Online Wills & Do-It-Yourself Will Making Software

Everybody needs a will—but most people don't need to pay a lawyer to draft it. Learn whether online wills and DIY software can work for you.

By , Attorney

If you'd like to put together a simple will, you can probably do it yourself. Online wills and software can guide you through the process easily and accurately.

Basic Wills—Do You Need a Lawyer?

Most people can make a basic will without a lawyer. Will laws are not complicated and there are very few legal requirements:

  • Wills must be completely type written. Some states allow handwritten wills, but these should only be used when you don't have time to make an official will.
  • The document must be witnessed by at least two people.
  • You must be 18 to make will. Some states allow younger people to make wills in some circumstances—for example, if you are married or in the military.
  • You must be of sound mind to make a will. Most people easily meet this requirement.

A will document itself can (and should) be in plain-English so that the meaning is clear to you and to anyone who reads it—no legalese required. You can make a will yourself with good self-help resources. Of course, if you have a complicated situation or if you have legal questions see a lawyer for help.

What You Can Do With a Will

A basic will is a key document for almost any estate plan. You can use a will to:

  • decide who will get your property,
  • name an executor, and
  • name guardians for your young children and their property.

You can also use a will to forgive debts, name new owners for your pets, and decide how your debts and taxes should be paid. Even if you use a living trust to distribute most of your property and avoid probate, it still makes sense to make a basic will to name guardians for your young children and take care of any property that does not end up in the trust.

If you do not make a will or (other plan, like a living trust) that determines where your property will go when you die, then your property will be distributed according to your state's "intestacy" laws. Generally, intestacy laws give your property to your closest relatives—or at least, who the state considers to be your closest relatives—usually your spouse, children, parents, or siblings. The best way to avoid having the state decide who will get your property is to make a basic will.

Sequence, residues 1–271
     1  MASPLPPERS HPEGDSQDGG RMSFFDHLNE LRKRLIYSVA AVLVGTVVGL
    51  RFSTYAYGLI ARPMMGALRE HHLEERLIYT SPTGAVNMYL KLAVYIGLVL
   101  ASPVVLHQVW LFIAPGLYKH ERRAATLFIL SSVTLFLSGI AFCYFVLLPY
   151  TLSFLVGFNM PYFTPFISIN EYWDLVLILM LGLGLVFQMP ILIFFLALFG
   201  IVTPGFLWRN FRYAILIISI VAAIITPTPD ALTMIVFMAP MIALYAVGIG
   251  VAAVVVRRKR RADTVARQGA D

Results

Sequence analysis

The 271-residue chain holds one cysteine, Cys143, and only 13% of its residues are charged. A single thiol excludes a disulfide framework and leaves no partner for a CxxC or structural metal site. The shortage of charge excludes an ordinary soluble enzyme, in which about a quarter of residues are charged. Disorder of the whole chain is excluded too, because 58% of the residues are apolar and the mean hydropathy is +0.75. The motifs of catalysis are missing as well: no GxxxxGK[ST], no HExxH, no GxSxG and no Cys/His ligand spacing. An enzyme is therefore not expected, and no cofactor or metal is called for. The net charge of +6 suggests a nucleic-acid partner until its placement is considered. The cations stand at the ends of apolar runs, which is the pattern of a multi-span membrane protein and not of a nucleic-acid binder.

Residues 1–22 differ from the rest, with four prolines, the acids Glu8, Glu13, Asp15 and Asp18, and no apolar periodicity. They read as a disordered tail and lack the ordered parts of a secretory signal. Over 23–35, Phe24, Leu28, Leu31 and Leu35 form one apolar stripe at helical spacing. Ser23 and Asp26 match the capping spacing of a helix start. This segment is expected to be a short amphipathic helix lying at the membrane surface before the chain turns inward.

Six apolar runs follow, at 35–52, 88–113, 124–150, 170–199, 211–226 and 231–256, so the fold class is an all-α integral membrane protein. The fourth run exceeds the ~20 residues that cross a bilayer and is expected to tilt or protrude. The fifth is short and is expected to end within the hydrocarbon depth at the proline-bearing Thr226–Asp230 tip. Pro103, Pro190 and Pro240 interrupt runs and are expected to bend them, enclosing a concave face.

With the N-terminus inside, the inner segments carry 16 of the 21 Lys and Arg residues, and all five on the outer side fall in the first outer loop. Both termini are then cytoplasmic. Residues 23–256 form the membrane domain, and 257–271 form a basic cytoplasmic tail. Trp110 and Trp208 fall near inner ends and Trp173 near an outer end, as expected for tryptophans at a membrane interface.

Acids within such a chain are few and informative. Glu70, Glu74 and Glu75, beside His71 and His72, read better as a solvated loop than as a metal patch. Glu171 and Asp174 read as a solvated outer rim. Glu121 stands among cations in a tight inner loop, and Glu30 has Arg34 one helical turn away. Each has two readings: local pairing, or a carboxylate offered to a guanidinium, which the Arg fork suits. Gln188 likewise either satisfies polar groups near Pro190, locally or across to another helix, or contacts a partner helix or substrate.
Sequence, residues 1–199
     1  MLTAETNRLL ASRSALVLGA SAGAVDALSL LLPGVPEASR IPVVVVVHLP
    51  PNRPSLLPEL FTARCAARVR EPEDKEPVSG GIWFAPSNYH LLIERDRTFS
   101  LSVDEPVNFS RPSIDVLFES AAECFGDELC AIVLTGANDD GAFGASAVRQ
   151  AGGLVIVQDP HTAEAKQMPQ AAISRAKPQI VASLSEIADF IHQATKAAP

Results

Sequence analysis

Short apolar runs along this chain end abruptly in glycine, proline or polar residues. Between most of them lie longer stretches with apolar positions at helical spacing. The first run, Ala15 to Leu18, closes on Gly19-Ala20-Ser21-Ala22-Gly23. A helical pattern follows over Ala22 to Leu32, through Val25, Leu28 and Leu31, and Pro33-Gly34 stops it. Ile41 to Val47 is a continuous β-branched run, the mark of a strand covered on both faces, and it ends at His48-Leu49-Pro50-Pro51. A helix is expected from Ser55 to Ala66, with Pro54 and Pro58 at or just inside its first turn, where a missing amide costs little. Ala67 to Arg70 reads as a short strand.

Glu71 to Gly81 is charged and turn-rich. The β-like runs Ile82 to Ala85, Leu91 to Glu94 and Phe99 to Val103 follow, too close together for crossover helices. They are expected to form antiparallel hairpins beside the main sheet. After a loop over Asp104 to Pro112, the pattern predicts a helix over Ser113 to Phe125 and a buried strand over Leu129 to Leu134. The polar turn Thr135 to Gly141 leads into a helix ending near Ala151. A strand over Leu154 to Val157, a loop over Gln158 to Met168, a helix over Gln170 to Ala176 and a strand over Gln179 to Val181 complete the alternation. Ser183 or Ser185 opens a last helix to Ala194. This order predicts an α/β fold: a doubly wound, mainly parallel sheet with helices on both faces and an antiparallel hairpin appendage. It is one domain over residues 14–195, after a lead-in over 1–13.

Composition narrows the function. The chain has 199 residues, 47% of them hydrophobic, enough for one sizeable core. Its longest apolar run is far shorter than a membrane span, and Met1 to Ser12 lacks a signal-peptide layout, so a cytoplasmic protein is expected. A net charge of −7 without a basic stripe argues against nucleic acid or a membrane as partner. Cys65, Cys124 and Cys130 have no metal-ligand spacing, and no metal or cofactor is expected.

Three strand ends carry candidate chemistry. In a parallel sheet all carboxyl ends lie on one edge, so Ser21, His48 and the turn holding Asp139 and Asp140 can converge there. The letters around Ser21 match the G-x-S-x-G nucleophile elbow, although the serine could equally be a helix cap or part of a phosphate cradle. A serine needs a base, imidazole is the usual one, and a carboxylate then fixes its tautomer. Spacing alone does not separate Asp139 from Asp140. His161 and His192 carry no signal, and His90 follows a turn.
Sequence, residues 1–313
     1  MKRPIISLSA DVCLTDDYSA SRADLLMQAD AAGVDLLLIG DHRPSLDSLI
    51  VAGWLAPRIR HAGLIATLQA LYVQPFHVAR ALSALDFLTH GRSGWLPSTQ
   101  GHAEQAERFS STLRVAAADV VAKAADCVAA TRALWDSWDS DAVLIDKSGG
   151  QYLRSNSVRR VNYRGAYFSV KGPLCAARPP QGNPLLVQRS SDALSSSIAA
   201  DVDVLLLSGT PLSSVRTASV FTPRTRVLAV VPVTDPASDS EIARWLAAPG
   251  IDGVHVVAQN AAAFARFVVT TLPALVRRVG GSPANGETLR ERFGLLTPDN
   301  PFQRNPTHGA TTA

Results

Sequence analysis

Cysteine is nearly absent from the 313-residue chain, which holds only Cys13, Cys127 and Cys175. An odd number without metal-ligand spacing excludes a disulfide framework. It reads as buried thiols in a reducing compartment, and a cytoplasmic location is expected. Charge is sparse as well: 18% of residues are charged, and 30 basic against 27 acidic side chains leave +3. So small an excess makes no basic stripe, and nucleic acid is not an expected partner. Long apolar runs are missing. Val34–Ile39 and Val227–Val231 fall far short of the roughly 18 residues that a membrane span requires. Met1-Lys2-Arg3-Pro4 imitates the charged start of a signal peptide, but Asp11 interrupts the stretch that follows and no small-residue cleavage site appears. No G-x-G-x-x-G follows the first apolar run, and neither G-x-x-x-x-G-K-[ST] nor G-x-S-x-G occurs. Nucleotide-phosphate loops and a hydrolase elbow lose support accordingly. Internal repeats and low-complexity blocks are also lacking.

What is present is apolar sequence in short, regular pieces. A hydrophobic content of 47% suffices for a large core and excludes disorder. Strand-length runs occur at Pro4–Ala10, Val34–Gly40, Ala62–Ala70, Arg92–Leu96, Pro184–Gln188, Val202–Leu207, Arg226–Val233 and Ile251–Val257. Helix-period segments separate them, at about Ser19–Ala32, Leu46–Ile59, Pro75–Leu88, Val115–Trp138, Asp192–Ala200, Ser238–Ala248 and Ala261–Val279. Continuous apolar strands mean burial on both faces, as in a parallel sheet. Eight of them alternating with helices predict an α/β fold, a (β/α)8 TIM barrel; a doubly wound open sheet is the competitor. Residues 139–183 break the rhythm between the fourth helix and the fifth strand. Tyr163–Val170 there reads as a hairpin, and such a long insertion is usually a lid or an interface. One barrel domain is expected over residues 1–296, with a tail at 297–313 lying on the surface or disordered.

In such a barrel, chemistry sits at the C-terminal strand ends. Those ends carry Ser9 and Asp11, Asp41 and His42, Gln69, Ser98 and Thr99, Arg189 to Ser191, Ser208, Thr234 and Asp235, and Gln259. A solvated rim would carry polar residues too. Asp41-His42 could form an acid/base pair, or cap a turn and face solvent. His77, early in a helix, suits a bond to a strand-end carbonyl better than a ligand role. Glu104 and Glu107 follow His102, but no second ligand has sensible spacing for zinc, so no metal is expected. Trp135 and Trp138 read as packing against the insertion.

Does everyone need a will? There is small category of people who may not need a will. For example, you may not need a will if you:

  • don't have young children
  • don't have a lot of property, and
  • don't care if your state's intestacy laws decide who gets your property.

If all of these things are true for you, then you are one of the few people who do not need to make a basic will.

Who Should Write Their Own Will?

You can probably write a will yourself using quality self-help resources from books, software, or online programs. A good self-help tool will clearly explain how wills work, how to make one, how to make it legal, and when to consult a lawyer for help.

Most people can write a will using these tools. However, those with more complicated circumstances should consider seeking the guidance of a lawyer instead. If any of the following apply to you, find an estate planning attorney to help.

  • You expect to owe estate taxes.
  • You want to leave property to someone with special needs.
  • You're worried about family members challenging your will, or other family conflict over your property after you die.
  • You want to control what happens to your property when you die, rather than giving it outright to your loved ones. (For example, you want to give away your property in portions, over time.)
  • You own a family business.

How to Write a Will Yourself

If you decide to create your own will, find a will-making tool that uses plain-English—both in the instructions and in the document itself. You should understand exactly what you are doing and what the will says. There is no need for legalese in a will.

What Will-Writing Software or Online Will Is Right for Me?

If your wishes are simple—for example, you want all your property to go to your spouse and you have no young children, then you may not need to do much to prepare to make your will. However, if you're like most people and have a somewhat more complicated situation, you may need to gather some information before you make your will. Here is a list of what you might need: